Category Archives: Projects
The last third of the year can become unenjoyably busy for our family very easily, with ten family birthdays and our anniversary sprinkled in among the bustle of Halloween, Thanksgiving and Christmas. So in 2016 Greg and I resolved to designate one day from each weekend in October, November and December as an “at home only” day: no outings, no plans, no chores and no to-do list. We called it a family Sabbath, although we first instituted this for practical reasons and our own comfort rather than as an effort to obey the religious guidelines of Sabbath keeping.
When we first decided to implement this in October, I breathed a sigh of relief, knowing that we would benefit so much from the rest this boundary around our schedule would afford us. There was one problem though. The only date that worked well for Rowan and June’s joint birthday party fell on the same weekend that the huge Lego tour would be in town. The Lego event that Rowan has been asking to return to since he saw it the last time it came to town two years ago. The one I had been excited to take the kids to for months.
We looked at three different scenarios: attending an abbreviated weeknight Lego session, packing the Lego fest in on the same day as our at-home birthday party, or breaking our Sabbath guidelines and attending the beloved Lego event on the second day of that weekend. We decided to break our new rule and go to the event on the second day of the weekend. After all, we made the rule so that we could enjoy the holiday season more fully, and we knew we would all enjoy the Lego fun. This never sat right with me though. In seasons past when our busy-ness sapped our strength and joy, our schedule was (over) filled with fun, enjoyable things- no drudgery; yet the pace still wore on us. So I sensed that breaking our Sabbath boundary to avoid missing out on something fun and enjoyable was not going to work at all. I knew that every single weekend during this festival-and-party season, the prospect of something fun, memorable, important or educational would beckon to us, asking to be dropped into that emptied Sabbath calendar square. Still, I persisted. I told myself, “We’ll go to the Lego fest this one time, then that’s it- we’ll protect a Sabbath day each week through the end of the year.”
Two days before the big weekend, I went online to secure tickets. I had delayed, at first, because we were throwing around our scheduling options, and next due to reluctance mixed with a delusional belief that the less popular time slots wouldn’t sell out. In reality, all of the time slots for this hugely popular, once-every-two-years event sold out long before I got around to checking on tickets. So we didn’t go. After the excitement of their birthday party, the kids never even asked about the Lego event that weekend. They still haven’t- it just hasn’t come to mind. While I’m sure the event would have been a blast, I was surprised that there really was no sting in missing it. And we had a very restorative day at home instead.
That first experience illustrated to us the immense value of rest, and it revealed that the one obstacle that most often robs us of rest- the fear of missing out- is actually not a very formidable foe; it turns out that the thing we feared- the phantom prospect of missing out on something- never materialized at all. True, we did not attend the Lego event. But during our peaceful unplanned day spent at home, we did not miss it either.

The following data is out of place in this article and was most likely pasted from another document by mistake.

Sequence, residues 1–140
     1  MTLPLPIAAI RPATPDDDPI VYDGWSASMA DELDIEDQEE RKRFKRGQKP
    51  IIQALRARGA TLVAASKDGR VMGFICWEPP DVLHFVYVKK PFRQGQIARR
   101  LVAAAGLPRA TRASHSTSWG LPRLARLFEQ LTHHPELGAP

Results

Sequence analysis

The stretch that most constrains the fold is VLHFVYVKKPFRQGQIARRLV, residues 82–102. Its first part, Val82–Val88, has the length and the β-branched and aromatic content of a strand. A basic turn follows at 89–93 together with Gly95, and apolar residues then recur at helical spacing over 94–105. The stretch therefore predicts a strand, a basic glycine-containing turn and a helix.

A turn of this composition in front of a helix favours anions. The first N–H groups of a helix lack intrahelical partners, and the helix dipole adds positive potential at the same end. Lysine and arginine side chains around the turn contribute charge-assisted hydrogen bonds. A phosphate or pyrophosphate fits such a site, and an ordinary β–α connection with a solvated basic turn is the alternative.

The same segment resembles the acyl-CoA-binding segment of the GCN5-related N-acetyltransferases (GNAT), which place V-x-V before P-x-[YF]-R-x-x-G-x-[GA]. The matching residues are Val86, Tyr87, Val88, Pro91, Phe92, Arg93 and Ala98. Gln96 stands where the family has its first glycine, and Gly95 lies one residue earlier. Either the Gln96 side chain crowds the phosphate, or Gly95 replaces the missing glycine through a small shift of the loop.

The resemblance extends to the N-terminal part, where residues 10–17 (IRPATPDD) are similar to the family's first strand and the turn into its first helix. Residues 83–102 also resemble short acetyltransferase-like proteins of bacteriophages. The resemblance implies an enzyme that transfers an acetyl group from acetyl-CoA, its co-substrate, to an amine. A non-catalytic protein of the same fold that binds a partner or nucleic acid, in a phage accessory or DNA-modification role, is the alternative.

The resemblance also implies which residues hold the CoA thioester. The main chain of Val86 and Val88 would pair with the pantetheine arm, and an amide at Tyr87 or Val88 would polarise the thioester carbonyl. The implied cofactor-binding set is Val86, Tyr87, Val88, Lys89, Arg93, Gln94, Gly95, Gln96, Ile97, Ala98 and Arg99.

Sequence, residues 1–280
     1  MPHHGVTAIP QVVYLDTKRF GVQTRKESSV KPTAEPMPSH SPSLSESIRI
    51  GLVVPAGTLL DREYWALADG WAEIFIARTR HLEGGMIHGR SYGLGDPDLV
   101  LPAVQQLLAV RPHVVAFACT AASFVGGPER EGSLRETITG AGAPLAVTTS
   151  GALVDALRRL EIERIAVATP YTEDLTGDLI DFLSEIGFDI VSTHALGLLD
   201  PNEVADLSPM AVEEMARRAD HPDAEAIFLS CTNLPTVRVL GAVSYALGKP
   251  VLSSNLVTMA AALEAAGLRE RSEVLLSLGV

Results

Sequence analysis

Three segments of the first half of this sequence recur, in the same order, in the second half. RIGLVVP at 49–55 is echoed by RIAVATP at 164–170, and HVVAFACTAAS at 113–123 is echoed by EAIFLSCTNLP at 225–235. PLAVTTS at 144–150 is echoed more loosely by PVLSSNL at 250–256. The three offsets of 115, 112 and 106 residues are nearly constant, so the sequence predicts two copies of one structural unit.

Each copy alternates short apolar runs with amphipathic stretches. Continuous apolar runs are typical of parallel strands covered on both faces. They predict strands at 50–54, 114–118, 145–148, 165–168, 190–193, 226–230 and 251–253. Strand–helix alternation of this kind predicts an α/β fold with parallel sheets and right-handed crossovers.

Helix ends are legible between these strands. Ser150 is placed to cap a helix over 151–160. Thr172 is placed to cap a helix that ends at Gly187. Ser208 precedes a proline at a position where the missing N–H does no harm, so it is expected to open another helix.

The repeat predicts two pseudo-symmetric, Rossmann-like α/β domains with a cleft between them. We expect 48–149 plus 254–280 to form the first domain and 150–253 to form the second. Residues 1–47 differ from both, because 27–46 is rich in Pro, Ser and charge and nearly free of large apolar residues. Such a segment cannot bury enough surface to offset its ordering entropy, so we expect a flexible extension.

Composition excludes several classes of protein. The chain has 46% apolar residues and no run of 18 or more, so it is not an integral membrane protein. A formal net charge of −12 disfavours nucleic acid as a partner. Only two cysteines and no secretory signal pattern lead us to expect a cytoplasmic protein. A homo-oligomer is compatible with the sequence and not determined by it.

This is how we started to implement the principles of Sabbath as a family. We continued this practice of keeping one weekend day clear for the rest of the year. We have enjoyed it so much that we are going to continue it indefinitely.
A quick look back:
Unbeknownst to me, this Sabbath idea was percolating at the beginning of 2016. Last year began with a post about The Big Rocks: Self-Care for Care Givers, which describes prioritizing items in your schedule which are of the most value to you, then fitting in less important or unimportant tasks around those big rocks. It seems as though the rest of last year was a slow, progressive implementation of that post as our family pared down our schedules and our possessions. That was providential because 2016 was indescribably stressful for me, with so many people, opinions and mistakes thrown into our well-established routine via the Medicaid hoops, nursing SNAFUs, invasion of our introvert sanctuary, the start and shuffling of twice-a-week therapies, the transition from ECI to the school system and ongoing nursing and Medicaid difficulties. This “Big Rocks” process of purposefully stewarding our time and energy protected my sanity last year. At the same time, I was completing an intensive spiritual discipleship program through our church which introduced me to the works of CS Lewis and other gifted Christian and Jewish theologians. As I studied, the themes of prioritizing my time and resources and seeking rest stood out to me, given my stress. Naturally this led to the study of the Sabbath, with is prominent in the Jewish theology I ventured into, and which is the subject of the Bible study I ultimately finished the year on (Priscilla Shirer’s Breathe).
A look ahead:
As I mentioned in the last post, however, this attention to rest and Sabbath results in less blogging. Or no blogging. So, while I have many topics and resources I would love to share, posts in 2017 may be sporatic. If you ever wish to check-in with us or ask a question, feel free to use the Contact button on the blog. We don’t expect any big medical changes for June this year, since she recently got her g-button out (WOOHOO), and her doctors want her trachea to grow for another year before re-evaluating options for another attempt at removing the trach. However, Greg is hoping to transition into a new professional field this year, so we are waiting to see what new adventure his school and career opportunities will bring to us as a family, in terms of our routine and location.
We are quite excited about the year ahead.